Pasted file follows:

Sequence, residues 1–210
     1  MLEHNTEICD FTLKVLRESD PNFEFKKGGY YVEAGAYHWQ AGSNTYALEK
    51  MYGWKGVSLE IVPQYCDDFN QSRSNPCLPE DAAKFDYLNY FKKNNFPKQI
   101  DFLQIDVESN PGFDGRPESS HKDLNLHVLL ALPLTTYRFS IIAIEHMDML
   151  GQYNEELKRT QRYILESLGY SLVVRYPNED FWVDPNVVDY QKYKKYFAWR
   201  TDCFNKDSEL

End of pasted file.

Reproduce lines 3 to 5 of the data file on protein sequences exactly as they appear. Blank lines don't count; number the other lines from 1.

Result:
    51  MYGWKGVSLE IVPQYCDDFN QSRSNPCLPE DAAKFDYLNY FKKNNFPKQI
   101  DFLQIDVESN PGFDGRPESS HKDLNLHVLL ALPLTTYRFS IIAIEHMDML
   151  GQYNEELKRT QRYILESLGY SLVVRYPNED FWVDPNVVDY QKYKKYFAWR